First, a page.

The Strange Alchemy of Life and Law, by: Albie Sachs, Oxford University Press; 320pp.
It could have been the plot of a John Grisham novel. A lawyer assisting an underground, illegal group. Yet, he understands the importance of maintaining order and sees the historical underpinnings of the system the underground group tries to overthrow. But the book is not a novel; rather the reflections of Albie Sachs, a lawyer who became one of South Africa’s most renowned judges and a key force in interpreting its post-Apartheid constitution.
Sachs' The Strange Alchemy of Life and Law follows the venerable tradition of books on judicial reasoning. These books, including those by several US Supreme Court judges, are typically wonderful and wondrous journeys into logic and deduction.
Sachs’ book delivers on the intellectual expectations. But what sets it apart is its background: the period the author helped shape. The late 1980s and 1990s in South Africa saw the end of the Apartheid, the beginning of majority rule in the country, and crucially a societal soul-searching that entailed questions about the essence of the political transition of this multi-racial, multi-cultural country at the time.
Fear was in the air. Many white South Africans were anxious, and some people I know and saw at that period wanted to leave to build new lives “away”. Even among those who understood the bankruptcy and the inevitability of the end of the Apartheid system, there were acute concerns about what “the majority” would do after they come to power.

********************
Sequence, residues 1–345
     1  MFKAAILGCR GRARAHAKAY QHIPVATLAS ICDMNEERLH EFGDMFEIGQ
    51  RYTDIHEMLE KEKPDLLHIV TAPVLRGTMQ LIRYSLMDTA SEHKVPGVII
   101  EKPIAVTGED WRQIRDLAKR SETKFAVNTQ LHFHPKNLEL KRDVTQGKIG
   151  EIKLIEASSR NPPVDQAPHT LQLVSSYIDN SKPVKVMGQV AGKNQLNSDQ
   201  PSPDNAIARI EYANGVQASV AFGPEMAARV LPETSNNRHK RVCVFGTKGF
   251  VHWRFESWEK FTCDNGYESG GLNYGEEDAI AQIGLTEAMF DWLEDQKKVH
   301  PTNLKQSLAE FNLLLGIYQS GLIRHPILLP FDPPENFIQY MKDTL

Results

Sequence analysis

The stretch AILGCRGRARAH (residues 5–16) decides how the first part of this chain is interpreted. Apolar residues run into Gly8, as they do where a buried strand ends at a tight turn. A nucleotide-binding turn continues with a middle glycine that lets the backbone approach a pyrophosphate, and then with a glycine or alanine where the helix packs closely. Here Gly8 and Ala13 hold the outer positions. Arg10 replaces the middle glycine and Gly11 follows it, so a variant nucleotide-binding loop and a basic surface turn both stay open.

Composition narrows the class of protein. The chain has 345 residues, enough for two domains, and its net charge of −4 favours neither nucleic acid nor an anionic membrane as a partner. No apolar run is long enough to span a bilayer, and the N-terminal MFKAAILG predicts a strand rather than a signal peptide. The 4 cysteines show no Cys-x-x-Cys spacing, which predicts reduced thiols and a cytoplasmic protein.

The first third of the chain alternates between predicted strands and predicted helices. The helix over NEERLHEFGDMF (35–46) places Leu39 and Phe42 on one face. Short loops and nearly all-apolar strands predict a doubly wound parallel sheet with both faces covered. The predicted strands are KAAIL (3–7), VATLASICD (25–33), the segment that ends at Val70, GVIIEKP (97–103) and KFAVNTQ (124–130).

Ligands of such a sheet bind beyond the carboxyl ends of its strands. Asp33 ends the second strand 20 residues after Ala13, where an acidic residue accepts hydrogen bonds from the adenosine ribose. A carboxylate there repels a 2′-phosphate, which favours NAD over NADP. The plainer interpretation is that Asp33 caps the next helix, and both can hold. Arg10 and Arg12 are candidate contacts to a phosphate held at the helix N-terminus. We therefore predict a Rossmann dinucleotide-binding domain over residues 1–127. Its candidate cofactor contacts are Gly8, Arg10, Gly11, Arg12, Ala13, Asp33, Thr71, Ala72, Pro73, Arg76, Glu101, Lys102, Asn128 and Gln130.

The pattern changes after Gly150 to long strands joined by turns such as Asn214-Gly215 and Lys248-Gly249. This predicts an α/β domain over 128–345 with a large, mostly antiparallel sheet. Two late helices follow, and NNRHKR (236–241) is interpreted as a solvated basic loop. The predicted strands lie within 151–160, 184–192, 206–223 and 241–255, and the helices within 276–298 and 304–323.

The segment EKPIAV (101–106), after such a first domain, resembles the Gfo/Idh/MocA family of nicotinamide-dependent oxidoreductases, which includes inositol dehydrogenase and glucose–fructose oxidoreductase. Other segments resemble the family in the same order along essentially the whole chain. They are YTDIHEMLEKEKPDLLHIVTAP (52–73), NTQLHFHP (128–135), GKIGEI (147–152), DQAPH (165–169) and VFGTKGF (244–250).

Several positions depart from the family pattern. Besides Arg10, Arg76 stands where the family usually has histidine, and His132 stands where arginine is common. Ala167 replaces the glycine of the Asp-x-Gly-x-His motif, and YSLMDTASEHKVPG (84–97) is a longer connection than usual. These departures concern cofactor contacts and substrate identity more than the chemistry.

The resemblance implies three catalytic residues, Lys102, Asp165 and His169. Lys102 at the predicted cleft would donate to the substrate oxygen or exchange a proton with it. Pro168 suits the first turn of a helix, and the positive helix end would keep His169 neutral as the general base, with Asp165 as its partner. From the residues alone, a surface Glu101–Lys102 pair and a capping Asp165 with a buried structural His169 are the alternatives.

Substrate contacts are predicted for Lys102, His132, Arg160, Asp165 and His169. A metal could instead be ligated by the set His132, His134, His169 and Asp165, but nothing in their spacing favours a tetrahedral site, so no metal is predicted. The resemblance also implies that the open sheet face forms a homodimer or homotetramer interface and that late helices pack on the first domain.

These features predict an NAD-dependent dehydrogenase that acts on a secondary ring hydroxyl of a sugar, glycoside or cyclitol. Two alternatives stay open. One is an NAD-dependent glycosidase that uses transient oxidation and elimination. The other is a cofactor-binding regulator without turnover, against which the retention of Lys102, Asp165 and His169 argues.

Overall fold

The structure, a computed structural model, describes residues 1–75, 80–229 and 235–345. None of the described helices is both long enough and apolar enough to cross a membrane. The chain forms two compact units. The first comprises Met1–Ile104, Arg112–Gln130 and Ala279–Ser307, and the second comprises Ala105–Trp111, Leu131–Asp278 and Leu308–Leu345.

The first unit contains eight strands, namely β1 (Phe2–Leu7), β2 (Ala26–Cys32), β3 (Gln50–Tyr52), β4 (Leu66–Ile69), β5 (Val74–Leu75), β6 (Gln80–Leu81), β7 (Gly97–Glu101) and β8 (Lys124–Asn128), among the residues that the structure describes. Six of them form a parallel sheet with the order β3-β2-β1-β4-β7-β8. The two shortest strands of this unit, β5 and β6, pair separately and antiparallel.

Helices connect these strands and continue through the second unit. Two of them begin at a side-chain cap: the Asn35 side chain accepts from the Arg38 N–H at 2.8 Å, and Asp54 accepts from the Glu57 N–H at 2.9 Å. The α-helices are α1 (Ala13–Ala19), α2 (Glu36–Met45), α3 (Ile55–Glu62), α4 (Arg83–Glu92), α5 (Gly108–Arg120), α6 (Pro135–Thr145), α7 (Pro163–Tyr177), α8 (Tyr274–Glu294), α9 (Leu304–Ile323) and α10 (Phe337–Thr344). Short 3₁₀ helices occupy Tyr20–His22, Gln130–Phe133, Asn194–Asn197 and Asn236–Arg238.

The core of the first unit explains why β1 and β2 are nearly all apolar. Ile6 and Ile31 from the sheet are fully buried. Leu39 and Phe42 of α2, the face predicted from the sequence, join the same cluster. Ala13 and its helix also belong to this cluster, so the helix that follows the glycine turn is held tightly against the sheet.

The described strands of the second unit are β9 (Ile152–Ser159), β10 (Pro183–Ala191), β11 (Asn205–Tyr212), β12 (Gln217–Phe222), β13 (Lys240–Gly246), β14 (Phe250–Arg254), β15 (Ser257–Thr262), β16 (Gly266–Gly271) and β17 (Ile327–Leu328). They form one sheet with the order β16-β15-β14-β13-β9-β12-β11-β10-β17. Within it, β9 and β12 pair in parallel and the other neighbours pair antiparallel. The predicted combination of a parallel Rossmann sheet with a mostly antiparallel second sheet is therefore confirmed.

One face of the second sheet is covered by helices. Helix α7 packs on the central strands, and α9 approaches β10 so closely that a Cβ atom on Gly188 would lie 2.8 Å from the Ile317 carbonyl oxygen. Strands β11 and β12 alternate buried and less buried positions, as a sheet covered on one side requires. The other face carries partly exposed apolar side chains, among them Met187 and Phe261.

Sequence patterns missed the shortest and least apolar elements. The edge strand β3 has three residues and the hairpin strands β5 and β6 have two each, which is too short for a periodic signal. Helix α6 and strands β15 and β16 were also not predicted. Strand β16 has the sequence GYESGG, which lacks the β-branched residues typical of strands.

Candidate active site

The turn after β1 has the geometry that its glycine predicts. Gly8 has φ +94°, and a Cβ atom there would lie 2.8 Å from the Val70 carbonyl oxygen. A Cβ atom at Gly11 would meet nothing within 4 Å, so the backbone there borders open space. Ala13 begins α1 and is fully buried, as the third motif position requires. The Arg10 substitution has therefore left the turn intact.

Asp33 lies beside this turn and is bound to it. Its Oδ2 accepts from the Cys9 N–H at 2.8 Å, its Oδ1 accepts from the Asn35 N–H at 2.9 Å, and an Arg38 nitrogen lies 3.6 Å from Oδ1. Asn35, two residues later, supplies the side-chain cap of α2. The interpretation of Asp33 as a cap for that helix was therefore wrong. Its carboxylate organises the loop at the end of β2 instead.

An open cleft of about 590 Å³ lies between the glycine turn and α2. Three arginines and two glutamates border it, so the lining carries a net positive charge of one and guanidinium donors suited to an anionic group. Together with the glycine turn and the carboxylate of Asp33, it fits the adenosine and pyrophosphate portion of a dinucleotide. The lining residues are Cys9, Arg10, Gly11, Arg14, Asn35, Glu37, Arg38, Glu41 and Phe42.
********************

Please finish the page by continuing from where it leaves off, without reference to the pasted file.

At the core of these concerns were questions about justice. This is hardly surprising in a society that lived for many decades under a socio-political structure in which not only a minority ruled over the majority, but also in which that minority excluded the majority from almost all meaningful political and economic participation.
The existence of a leader with the morals and gravitas of Nelson Mandela proved to be a safety valve, so was close observation of the country by several powerful international stakeholders.
Yet, neither Mandela nor major global powers could have guaranteed stability and a peaceful transition, for the questions about justice, and the natural urges for retribution (and some would say, for revenge) were impossible to douse. There were moments when flames seemed destined to become fires. But at the end the majority of “the majority” chose to forgive. Naturally they also chose “never to forget”; a sentiment that carried with it the potentiality of exacting (the all-human) subjective versions of justice.
It is here that Sachs’ brilliance materialises. A key stream of this book revolves around this subjectivity of justice. As an experienced judge, Sachs dismisses the superficiality with which most of us address this grave notion of justice. He respects emotions. Actually one of the beautiful features of this book is the humanity that this old judge displays in his thinking and reasoning.